In this case, the plaintiffs first claim that Kiley was injured as a result of defendants' failure to ensure the infant's safety. Second, they claim that damages (both Kiley's physical injuries and their own emotional and financial injuries) were complicated by the defendants' actions and/or omissions in caring for Kiley immediately after the fall.

The first claim, arising from the Dr. Caballero's failure to ensure that Kiley did not fall from the examination table, appears to be one of ordinary negligence. This negligence claim is similar to the more general "patient handling" claims asserted in Fasset and Phipps. The gist of plaintiffs' claim is that Dr. Caballero failed to keep a proper lookout for Kiley's safety on the examination table. I find that this claim is one based on ordinary negligence, not medical negligence. Thus, the first part of plaintiffs' claim is not subject to the affidavit of merit requirement.

The second claim, which is essentially a claim that Dr. Caballero initially mis-diagnosed the fall as not causing injury, did, however, involve the exercise of professional, medical judgment. A jury would likely need expert testimony to determine whether Dr. Caballero's evaluation of Kiley's injuries or lack of in juries fell below the standard of care. As such, this part of plaintiffs' claim falls within the realm of medical negligence claims and plaintiffs were required to submit an Affidavit of Merit as to this part of their claim when they filed their complaint.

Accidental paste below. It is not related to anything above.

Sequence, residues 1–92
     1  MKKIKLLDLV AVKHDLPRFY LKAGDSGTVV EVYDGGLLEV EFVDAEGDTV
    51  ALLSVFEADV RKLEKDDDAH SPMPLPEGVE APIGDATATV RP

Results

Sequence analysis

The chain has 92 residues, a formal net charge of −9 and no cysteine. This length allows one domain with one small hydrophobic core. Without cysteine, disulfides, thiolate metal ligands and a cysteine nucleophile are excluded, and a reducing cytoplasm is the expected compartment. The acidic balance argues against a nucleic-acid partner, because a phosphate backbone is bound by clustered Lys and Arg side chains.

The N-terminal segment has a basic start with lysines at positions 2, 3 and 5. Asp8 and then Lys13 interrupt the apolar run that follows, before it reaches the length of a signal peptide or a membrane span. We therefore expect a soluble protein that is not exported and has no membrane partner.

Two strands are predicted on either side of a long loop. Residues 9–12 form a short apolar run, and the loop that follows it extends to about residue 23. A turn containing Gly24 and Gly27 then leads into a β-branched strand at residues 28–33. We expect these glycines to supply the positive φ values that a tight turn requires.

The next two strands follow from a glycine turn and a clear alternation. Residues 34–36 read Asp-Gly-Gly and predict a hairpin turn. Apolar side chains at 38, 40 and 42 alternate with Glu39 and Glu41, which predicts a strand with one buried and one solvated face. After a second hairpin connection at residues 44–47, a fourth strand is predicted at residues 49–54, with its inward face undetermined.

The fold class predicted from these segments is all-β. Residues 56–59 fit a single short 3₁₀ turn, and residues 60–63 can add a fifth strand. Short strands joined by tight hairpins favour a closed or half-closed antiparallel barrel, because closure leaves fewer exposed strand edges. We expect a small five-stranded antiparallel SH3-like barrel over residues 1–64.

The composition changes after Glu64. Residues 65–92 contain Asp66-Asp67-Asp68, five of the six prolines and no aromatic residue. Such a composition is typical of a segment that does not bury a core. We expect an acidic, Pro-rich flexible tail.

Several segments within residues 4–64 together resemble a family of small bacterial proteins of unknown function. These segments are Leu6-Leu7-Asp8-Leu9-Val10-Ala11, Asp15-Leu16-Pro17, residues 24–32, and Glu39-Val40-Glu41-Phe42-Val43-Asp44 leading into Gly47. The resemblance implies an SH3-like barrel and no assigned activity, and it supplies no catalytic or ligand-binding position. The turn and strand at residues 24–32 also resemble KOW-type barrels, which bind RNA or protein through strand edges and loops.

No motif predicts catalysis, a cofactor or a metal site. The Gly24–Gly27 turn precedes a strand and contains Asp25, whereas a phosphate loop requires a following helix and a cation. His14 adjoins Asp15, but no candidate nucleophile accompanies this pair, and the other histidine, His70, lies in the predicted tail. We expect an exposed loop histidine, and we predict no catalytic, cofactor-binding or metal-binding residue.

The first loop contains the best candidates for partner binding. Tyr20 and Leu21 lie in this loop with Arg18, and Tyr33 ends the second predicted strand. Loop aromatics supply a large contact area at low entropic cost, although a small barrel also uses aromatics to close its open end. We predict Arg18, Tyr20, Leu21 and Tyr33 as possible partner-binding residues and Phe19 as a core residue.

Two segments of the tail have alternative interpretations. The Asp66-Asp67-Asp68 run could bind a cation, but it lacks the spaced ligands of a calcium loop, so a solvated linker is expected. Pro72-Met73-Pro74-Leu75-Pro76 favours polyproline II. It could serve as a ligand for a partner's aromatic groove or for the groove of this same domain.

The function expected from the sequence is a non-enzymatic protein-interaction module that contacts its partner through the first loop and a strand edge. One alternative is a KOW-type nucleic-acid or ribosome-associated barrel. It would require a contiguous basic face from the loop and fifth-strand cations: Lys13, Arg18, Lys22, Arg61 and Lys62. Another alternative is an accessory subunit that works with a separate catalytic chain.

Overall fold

The plaintiffs' request that they be given leave to submit an Affidavit of Merit for any part of their claim which requires one. Under 18 Del. C. § 6853(2) the court may, upon timely motion and for good cause shown, grant one 60-day extension for the filing of an Affidavit of Merit. A motion is defined as timely under 18 Del. C. § 6853(3) if it is filed on or before the filing date that the plaintiff seeks to extend. The plaintiffs argue, in support of this request, that the statute of limitations on a medical negligence claim of a minor under six years of age does not expire until the latter of two years from the date of the alleged medical negligence or until the minor reaches age six. The minor plaintiff in this case was four months old at the time of the alleged medical negligence. Thu s, it would appear that the plaintiffs are well within their time to file a second action for that part of the claim which I have concluded is a medical negligence claim.[26] I am satisfied that good cause has been shown to allow the late filing of an Affidavit of Merit by the fact that a substantial part of the plaintiffs claim has been determined to be an allegation of ordinary, not medical, negligence. On the question of allowing an Affidavit of Merit to be filed "out of time, " the Delaware Supreme Court has held that the Superior Court has discretion to act consistent with the public policy that favors a trial on the merits.[27] The plaintiffs should have an opportunity to file an Affidavit of Merit in this action. Therefore, the plaintiffs are granted leave to submit an Affidavit of Merit within 60 days of the filing of this opinion.

For the foregoing reason, the defendants' Motion to Dismiss is denied.